A widely used perturbation method in eddy current testing [a1] is as follows. Since a flaw is usually considered as an anomaly in a uniform conducting medium, one can assume that the properties of the flaw (that is, the electric conductivity and/or magnetic permeability) differ only slightly from those of the surrounding medium. Then it is natural to introduce small parameters $\epsilon=1-\sigma_1/\sigma_2$ and $\delta=1-\mu_1/\mu_2$, where $\sigma_1$, $\sigma_2$, and $\mu_1$, $\mu_2$ are the conductivities and magnetic permeabilities of the flaw and the surrounding medium, respectively. In this case, it follows from the Maxwell equations, which are used to compute the change in impedance of an eddy current probe due to a flaw, that one has a regularly perturbed problem, so that the solution can be expanded in a perturbation series and the terms of the series can be computed step by step. The zeroth-order solution corresponds to the flawless case, whose analytical solutions are well known.

An alternative approach is to use the Lorentz reciprocity theorem [a7]. It can be shown under rather general assumptions that the change in impedance of the eddy current probe can be expressed in terms of an integral over the region of the flaw, where the integrand is proportional to the dot product of the electric fields in the flawed sample and the reference sample. However, this formula contains the unknown field in the flawed sample. Several approximations are used to overcome this difficulty. In the Born approximation, the unknown field is replaced by the field in a reference sample in order to obtain a formula which gives the same result as the first-order approximation in the perturbation approach described above. Recently, the so-called layer approximation [a10] has been used to approximate the field in the region of the flaw by introducing in the conducting medium an additional layer whose height and conductivity are equal to those of the flaw. Using the known analytical solution for the case of a multi-layer medium, one can compute the change in impedance in this case. The layer approximation has been favourably compared [a10] with experimental data and numerical modeling by the volume integral method. In practice, one need only know some integral characteristics of the solution which, in some cases, can be expressed in terms of computationally suitable formulas. These solutions indicate, on the one hand, that perturbation methods can be successfully used to solve complicated asymmetrical three-dimensional electrodynamics problems and, on the other hand, that they are first-order approximations to the solutions of the original problems. In several cases, numerical methods and perturbation methods complement each other. The use of mathematical models together with the exact form of the solution facilitates the study of the influence of several of the parameters of the test problem on the characteristics of the output signal and on the testing process. Such a task may be costly and difficult, if not impossible, to achieve experimentally.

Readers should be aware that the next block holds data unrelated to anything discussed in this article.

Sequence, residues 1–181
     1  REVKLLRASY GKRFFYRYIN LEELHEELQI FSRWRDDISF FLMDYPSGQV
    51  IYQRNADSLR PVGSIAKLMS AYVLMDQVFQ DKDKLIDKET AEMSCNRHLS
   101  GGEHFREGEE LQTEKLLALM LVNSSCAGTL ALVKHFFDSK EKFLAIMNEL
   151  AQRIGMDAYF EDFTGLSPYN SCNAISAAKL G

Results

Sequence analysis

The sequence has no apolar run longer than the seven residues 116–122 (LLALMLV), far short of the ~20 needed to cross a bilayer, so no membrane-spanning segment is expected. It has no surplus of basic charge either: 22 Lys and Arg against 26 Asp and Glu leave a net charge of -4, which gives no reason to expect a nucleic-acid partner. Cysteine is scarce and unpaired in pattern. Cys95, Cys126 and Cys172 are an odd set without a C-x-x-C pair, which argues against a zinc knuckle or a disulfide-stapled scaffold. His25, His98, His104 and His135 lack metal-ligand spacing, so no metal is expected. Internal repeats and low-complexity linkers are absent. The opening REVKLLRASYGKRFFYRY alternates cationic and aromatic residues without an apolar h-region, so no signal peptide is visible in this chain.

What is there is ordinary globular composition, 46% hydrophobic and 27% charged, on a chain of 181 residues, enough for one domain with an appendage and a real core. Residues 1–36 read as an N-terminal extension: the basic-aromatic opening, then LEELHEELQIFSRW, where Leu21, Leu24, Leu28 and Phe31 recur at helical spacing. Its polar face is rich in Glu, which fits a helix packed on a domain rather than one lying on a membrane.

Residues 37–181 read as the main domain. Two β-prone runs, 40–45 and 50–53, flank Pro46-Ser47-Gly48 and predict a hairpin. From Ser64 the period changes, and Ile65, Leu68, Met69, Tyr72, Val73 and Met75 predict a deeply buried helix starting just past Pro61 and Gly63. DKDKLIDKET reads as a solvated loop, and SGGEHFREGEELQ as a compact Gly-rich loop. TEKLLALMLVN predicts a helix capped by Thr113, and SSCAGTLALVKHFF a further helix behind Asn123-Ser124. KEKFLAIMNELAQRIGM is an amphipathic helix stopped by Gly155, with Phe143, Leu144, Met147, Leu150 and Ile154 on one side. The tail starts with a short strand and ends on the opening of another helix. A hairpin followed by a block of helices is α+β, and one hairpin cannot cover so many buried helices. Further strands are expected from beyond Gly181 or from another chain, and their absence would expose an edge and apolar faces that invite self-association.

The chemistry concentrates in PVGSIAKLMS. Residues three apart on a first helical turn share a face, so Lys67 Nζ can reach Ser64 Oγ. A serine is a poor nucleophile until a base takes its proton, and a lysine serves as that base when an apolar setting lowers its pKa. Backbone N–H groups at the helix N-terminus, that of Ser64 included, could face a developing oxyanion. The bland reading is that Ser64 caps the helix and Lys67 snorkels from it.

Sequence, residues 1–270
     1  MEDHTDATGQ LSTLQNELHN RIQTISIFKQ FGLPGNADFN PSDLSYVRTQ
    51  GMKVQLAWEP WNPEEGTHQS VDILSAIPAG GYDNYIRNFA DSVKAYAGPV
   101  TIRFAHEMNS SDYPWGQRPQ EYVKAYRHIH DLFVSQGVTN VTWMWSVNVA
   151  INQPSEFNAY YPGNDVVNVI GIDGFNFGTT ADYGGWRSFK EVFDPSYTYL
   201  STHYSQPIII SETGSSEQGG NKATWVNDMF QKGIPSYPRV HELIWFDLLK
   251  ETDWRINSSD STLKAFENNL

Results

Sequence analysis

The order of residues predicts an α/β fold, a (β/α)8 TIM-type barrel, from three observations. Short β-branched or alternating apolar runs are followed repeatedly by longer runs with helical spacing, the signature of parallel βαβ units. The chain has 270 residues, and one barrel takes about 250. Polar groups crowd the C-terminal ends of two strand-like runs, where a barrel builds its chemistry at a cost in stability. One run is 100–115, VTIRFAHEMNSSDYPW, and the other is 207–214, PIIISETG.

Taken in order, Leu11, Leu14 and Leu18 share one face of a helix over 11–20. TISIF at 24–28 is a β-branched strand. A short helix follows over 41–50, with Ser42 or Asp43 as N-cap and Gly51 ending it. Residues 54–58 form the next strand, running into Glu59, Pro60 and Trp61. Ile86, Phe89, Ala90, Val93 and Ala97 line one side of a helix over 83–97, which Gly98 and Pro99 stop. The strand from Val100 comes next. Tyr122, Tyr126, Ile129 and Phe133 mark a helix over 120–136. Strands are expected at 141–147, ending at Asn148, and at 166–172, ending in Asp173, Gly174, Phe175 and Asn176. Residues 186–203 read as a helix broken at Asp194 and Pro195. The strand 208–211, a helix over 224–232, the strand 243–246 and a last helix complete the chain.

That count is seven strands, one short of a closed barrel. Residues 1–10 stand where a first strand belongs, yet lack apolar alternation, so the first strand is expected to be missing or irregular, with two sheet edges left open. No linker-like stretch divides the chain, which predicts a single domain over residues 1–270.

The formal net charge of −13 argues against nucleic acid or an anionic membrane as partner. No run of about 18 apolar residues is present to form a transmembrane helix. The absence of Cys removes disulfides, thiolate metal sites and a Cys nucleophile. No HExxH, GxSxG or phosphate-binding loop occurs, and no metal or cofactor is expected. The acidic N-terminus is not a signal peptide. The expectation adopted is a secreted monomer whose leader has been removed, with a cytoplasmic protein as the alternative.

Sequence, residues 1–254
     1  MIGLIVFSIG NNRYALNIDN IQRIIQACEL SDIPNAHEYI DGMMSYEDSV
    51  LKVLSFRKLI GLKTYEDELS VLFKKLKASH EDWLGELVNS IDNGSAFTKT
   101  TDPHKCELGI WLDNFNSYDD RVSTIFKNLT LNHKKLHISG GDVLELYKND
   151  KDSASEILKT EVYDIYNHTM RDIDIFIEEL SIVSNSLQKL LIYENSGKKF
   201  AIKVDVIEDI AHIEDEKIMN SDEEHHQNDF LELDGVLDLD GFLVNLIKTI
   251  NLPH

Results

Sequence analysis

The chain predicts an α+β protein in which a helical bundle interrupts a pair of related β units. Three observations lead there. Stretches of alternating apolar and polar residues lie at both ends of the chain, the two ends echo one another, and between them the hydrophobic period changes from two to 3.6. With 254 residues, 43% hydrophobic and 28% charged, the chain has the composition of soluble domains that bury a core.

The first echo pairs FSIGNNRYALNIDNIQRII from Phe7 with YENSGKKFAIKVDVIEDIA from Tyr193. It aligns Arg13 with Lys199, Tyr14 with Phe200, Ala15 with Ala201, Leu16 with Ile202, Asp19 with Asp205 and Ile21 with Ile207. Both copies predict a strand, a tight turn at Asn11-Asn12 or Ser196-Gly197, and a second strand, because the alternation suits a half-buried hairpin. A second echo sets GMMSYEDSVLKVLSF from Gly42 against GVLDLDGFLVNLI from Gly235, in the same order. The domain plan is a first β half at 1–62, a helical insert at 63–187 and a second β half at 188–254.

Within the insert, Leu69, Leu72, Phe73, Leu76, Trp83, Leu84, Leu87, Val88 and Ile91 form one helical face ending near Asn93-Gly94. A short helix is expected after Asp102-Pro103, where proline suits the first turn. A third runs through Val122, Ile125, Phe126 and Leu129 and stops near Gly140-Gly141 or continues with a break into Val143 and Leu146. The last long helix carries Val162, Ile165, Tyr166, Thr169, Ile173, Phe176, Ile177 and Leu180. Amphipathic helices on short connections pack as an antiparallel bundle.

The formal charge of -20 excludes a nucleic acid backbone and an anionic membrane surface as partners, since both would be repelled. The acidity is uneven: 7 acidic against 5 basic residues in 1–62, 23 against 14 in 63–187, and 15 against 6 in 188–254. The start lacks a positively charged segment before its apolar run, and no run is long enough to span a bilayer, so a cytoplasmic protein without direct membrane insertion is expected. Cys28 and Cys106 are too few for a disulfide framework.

#### References

 [a1] M.Ya. Antimirov, A.A. Kolyshkin, R. Vaillancourt, "Mathematical models in non-destructive eddy current testing" , Publ. CRM Montréal (1997) [a2] J. Blitz, "Electrical and magnetic methods of nondestructive testing" , Adam Hilger (1991) [a3] V.V. Dyakin, V.A. Sandovsky, "Theory and computations of superposed transducers" , Nauka (1981) (In Russian) [a4] V.G. Gerasimov, "Electromagnetic control of one-layer and multi-layer products" , Energiya (1972) (In Russian) [a5] N. Harfield, J.R. Bowler, "A geometrical theory for eddy-current non-destructive evaluation" Proc. R. Soc. London Ser. A , 453 : 2 (1997) pp. 1121–1344 [a6] N. Ida, "Numerical modelling for electromagnetic non-destructive evaluation" , Chapman&Hall (1995) [a7] "Electromagnetic methods of nondestructive testing" W. Lord (ed.) , Nondestructive Testing Monogr. and Tracts , 3 , Gordon&Breach (1985) [a8] J.C. Moulder, E. Uzal, J.H. Rose, "Thickness and conductivity of layers from eddy current measurements" Review of Scientific Instruments , 63 : 6 (1992) pp. 3455–3465 [a9] S.M. Nair, J.H. Rose, "Reconstruction of three-dimensional conductivity variations from eddy current (electromagnetic induction) data" Inverse Problems , 6 : 6 (1990) pp. 1007–1030 [a10] R. Satveli, J.C. Moulder, B. Wang, J.H. Rose, "Impedance of a coil near an imperfectly layered metal structure: The layer approximation" J. Appl. Physics , 79 : 6 (1996) pp. 2811–2821 [a11] R.L. Stoll, "The analysis of eddy currents" , Clarendon Press (1974) [a12] J.A. Tegopoulos, E.E. Kriezis, "Eddy currents in linear conducting media" , Studies Electr. Electronic Engin. , 16 , Elsevier (1985)
How to Cite This Entry:
Eddy current testing. Encyclopedia of Mathematics. URL: http://encyclopediaofmath.org/index.php?title=Eddy_current_testing&oldid=32526
This article was adapted from an original article by A.A. KolishkinR. Vaillancourt (originator), which appeared in Encyclopedia of Mathematics - ISBN 1402006098. See original article